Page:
For me, one of the most striking images after 9/11 was on a local news report. The reporters did a regular feature on paintings and drawings made by Elementary School kids, based on current events. One child, after witnessing the terrorist attacks on New York, drew a crayon colored picture of Superman, stopping one of the planes from crashing into one of the towers, having arrived just in the nick of time. Sad that there is no real superhero in our world, but hopeful because potential for good exist within all of us. This meant more to me than President Bush standing on top of rubble, calling for payback.
You see, Superman is about doing the right thing, even in the face of unimaginable horror. He doesn’t give in to senseless rage, nor does he use his powers for selfish reasons. Well… except for when he turned back time to save Lois Lane. And does breaking a man’s neck count as rage if done to save a group of people?
It’s hard making such decisions, especially when you can do almost anything. But, that’s part of what makes the character so compelling. In his latest film adaptation Man of Steel, we get an origin story laden with this.
Before he was Clark Kent, he was named Kal-El, the first and last naturally born child of the planet Krypton. Knowing the destruction of that world was imminent, his parents launched him into space, sending the craft to Earth. There, he is raised by a kind hearted Kansas couple. He spends his youth struggling to do what comes naturally to him (saving the day) and trying to keep his abilities a secret (what his Earth parents want). Eventually, after years of drifting from place to place, he discovers a relic of his home world and learns his true destiny, just when we need him the most.
At first glance, this movie is merely a feast for the eyes. From Russell Crowe riding a dragon to a New York like Metropolis falling apart building by building, the level of visual candy and destruction is absolutely overwhelming. Punches, kicks, sonic booms and explosions are louder than in any superhero film I’ve seen recently. Leaving the theater, it felt like Director Zack Snyder out did his own style to the point of detriment. “A Superman movie for a new era” this was called. Fine, but what does it say of this era? Bigger is not necessarily better. They tried a slow moving drama with Superman Returns, and people complained that it lacked action. Well dummy, now you got it.
At second glance and after conversations with colleagues, I realized the enormous visuals distracted me from what was under the surface. Themes of self discovery, doubt and making difficult choices are strewn throughout. Clark spends many years learning just who he is exactly. He finally uncovers the truth (and his suit), and goes home to tell his mother, still confused as to what should happen next, but momentarily happy to have some answers. When General Zod, a Kryptonian with ties to his birth family, threatens Earth, Clark is given the reality check of a lifetime. Sometimes, the only way to get someone out of an existential rut is to shake them out of it.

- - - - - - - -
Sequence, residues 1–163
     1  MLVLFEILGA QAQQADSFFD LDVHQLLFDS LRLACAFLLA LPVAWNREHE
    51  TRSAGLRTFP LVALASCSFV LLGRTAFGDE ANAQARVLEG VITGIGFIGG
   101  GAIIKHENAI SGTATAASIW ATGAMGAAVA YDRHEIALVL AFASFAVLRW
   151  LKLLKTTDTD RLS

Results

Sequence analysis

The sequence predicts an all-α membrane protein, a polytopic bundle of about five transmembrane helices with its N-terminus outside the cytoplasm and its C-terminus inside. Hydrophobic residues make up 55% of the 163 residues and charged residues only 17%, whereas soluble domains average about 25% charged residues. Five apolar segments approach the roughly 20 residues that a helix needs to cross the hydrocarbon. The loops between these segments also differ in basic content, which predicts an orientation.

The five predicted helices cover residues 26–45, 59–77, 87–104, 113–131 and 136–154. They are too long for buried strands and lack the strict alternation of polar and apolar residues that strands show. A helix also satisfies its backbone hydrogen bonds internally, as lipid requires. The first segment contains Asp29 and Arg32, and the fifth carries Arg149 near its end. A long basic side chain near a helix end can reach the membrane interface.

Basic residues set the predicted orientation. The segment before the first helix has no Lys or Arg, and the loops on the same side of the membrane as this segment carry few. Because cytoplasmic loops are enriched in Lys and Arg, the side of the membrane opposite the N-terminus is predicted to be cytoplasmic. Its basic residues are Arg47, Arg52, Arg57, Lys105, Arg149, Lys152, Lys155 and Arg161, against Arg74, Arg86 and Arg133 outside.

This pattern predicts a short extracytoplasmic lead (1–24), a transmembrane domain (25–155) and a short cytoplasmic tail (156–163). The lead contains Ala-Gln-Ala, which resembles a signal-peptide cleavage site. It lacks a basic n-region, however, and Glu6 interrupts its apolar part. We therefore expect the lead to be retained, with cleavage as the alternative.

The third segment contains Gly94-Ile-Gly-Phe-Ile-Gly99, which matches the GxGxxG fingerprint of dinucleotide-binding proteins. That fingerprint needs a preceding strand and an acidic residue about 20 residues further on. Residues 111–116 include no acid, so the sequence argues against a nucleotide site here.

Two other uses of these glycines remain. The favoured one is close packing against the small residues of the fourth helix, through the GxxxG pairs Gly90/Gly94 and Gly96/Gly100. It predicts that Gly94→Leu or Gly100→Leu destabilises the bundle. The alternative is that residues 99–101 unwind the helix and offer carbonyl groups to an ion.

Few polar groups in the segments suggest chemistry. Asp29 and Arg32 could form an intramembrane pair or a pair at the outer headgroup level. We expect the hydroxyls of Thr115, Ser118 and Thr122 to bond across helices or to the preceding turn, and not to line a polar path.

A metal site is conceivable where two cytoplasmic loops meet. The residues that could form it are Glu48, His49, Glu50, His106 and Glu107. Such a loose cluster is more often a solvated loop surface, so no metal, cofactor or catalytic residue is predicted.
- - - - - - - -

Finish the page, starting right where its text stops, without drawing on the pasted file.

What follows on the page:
From there, Clark puts on the suit, tries things out for the first time, and learns along the way just what he is made of. We don’t get many scenes of dialogue expositing lessons learned, but we do get to see them as they happen. At one moment, he is forced to do an act he’ll hopefully never have to do again, and gets emotional afterwards (you’ll know it when you see it). He didn’t do something as grand as turning back time, but it was just as jaw dropping to witness, and may haunt him for some time. This Superman is not yet whole as an individual, but is finally ready for the next phase of his life. Is the world ready?
Thrown headfirst into the dilemma of fighting against people of his past, to protect the people of his present, Clark’s internal problems have become external, for everyone to see. He experiences one nightmare, only to wake into a real one. Using all of his powers to their fullest capabilities for the first time, he wings the situation, learning as he goes. Sure, it all comes naturally to him, and he is no longer holding back, but you get the sense that he may be uncertain (and possibly afraid) as how to win the day. Where Captain America is confident and steadfast, this Superman is powerful yet doubtful. He flies through the air with heavy emotion on his face, like someone rushing to complete multiple food orders (maybe more dramatic than that). He WANTS to save everyone, but doesn’t really know HOW. It’s the coming of age story of a lifetime, when you think about it. It’s not going to be easy Supes, but just know we’re all behind you.
In preparing this review, I doubted not only my rating of this movie, but also that of Star Trek Into Darkness, which I think shares something in common — both are big, loud, and on the surface deviate from the source material. It might appear that spectacle trumps smarts, but brain and brawn work side by side in both (to varying degrees). Still, what I would give for a 1970’s style sci fi flick. We can handle it, Hollywood! Give me a depthful crayola drawing over a shallow photo op any day.
4/5–5/5 *s, depending on how I feel at a given time.
Originally published at billreviewsfilm.blogspot.com on June 15, 2013.